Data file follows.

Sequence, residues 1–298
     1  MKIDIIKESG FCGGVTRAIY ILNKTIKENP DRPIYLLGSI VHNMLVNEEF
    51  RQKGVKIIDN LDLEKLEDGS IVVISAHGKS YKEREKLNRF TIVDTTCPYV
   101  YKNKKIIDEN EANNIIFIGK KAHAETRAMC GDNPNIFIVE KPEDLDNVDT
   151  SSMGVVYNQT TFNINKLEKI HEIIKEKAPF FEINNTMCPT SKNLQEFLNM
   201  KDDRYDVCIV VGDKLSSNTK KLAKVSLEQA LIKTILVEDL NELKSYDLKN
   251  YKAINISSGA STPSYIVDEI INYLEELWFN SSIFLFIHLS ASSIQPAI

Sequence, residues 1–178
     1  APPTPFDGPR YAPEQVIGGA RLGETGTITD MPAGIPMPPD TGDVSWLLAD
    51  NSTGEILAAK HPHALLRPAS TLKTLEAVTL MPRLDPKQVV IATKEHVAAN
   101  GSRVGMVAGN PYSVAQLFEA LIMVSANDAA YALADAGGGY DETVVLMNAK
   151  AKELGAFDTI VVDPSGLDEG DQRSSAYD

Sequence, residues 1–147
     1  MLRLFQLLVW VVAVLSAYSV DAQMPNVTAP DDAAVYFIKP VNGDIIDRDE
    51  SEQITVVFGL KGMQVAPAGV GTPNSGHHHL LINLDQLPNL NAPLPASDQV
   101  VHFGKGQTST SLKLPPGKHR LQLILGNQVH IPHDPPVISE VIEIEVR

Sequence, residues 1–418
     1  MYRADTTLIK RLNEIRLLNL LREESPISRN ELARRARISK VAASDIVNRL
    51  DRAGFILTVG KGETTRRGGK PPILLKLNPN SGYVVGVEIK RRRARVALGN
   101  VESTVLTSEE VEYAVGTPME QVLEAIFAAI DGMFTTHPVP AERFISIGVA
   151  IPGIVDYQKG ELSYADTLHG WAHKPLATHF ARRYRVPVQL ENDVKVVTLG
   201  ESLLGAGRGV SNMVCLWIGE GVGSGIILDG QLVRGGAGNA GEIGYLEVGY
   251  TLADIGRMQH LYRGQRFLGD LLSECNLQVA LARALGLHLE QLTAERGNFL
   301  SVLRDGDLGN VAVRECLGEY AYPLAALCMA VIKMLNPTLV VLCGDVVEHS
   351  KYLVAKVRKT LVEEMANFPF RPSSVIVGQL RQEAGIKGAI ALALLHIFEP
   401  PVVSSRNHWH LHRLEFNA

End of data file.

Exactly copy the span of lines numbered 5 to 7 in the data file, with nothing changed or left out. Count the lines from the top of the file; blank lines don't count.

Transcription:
   151  SSMGVVYNQT TFNINKLEKI HEIIKEKAPF FEINNTMCPT SKNLQEFLNM
   201  KDDRYDVCIV VGDKLSSNTK KLAKVSLEQA LIKTILVEDL NELKSYDLKN
   251  YKAINISSGA STPSYIVDEI INYLEELWFN SSIFLFIHLS ASSIQPAI